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Chris Pilarski

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About Chris Pilarski

  • Rank
    New
  • Birthday July 30

Profile Information

  • Occupation
    Cinematographer
  • Location
    Los Angeles

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  • Website URL
    http://chrispilarski.com/
  1. Hey Tyler, For example (although this is just a different ASA [ASA 100 vs. "native" ASA 800 on an ALEXA] David mentioned the following: "I'm shooting most of the movie on the slowest speed tungsten stock available, Kodak Vision-3 200T, rated at 100 ASA in order to get the printer lights up higher for more saturation and contrast.This means I need to get up to 100 foot-candles of key light just to achieve an f/2.8. For day interiors scenes on stage, that's a lot of light and a lot of heat." But I see your point. I should have rather asked what y'all would like to try out in a Giallo movie. But instead of talking about how to print/process film I wanted y'all to focus on everything else (like lighting, composition, color, in-camera effects).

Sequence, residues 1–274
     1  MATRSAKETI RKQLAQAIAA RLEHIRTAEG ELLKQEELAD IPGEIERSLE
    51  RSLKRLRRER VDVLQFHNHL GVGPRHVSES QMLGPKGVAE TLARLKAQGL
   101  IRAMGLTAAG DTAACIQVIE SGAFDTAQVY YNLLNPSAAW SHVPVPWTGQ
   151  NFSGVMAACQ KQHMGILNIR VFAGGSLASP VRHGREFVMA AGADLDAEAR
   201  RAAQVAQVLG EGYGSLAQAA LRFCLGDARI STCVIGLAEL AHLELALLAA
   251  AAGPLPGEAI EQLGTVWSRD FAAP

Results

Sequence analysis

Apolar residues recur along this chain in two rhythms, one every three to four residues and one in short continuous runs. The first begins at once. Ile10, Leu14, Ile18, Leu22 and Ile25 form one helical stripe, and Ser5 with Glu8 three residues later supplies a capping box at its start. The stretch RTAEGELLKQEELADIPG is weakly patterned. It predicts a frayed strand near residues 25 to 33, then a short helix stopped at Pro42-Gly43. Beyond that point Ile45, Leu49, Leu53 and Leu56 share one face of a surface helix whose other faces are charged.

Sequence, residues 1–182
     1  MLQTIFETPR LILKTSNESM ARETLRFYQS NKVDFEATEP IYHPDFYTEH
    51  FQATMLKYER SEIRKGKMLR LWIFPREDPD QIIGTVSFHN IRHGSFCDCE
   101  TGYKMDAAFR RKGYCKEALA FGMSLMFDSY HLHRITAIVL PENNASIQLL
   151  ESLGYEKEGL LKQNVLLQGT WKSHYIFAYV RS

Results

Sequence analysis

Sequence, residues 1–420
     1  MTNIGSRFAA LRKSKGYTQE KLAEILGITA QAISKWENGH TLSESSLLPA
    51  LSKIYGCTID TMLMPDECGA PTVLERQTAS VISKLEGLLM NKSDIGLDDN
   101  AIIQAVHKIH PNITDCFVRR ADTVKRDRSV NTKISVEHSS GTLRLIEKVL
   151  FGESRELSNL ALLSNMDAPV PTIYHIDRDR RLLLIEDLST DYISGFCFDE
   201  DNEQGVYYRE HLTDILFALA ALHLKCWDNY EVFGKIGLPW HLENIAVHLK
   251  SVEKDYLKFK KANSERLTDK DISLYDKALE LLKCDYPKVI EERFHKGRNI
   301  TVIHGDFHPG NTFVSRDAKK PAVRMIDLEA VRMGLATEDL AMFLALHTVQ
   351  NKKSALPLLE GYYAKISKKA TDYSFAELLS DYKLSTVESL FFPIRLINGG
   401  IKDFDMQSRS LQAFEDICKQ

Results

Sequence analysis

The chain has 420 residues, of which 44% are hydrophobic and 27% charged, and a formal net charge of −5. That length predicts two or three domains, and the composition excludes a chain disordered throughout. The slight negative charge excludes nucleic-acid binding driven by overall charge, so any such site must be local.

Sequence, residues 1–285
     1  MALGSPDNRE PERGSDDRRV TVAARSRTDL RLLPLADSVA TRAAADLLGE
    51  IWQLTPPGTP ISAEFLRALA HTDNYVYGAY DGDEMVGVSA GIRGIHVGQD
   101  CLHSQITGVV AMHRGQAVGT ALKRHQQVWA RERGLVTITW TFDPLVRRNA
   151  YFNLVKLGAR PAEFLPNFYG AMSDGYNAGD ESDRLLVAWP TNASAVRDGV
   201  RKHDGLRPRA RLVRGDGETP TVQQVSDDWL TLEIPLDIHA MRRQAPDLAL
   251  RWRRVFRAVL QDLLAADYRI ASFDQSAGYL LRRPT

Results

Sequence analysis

2. Hi everyone, I have recently watched The Love Witch which was shot by David Mullen, ASC. My wife and I absolutely loved the film. On Wikipedia the movie is described as a "comedy horror film" and a "playful tribute to 1960s horror and Technicolor film". My question is: Can this movie be described as a Giallo film? If so, why or why not? The film was shot in "standard 4-perf 35mm 1.85 on an Arricam ST and plan on a photochemical finish, and then a transfer to digital from a timed IP". I would love to discuss the approach of shooting a "giallo" film digitally from pre- to post-production / how different the approach/results would have been in this case (The Love Witch). For example: The use of color (using tungsten and gels vs. RGB LED | speed vs. cost. vs. quality of light etc.) hard-light style with digital sensors (which I don't see that often anymore, but I might be wrong) production design, HMU, costumes in-camera effects (like kaleidoscope lens and gels in front of the lens) filters, mirrors, lenses and more... P.S. David, I loved reading you creating a red vignette by cutting out an oval in a red party gel and taping it to the matte box. It takes years to build such a solid foundation of knowledge, experience, and confidence to know how to achieve certain results. Are there any more photos or lighting breakdowns from The Love Witch you would be willing to share with us? Thank you David for sharing so much knowledge and for creating such beautiful art. I am looking forward to grow and learn more about cinematography from you and other masters of cinematography. Here a a few links I found about the film (very interesting read): https://ascmag.com/podcasts/the-love-witch-m-david-mullen-asc https://ascmag.com/articles/the-magic-of-hard-lighting-for-the-love-witch https://nofilmschool.com/2016/11/the-love-witch-anna-biller-interview
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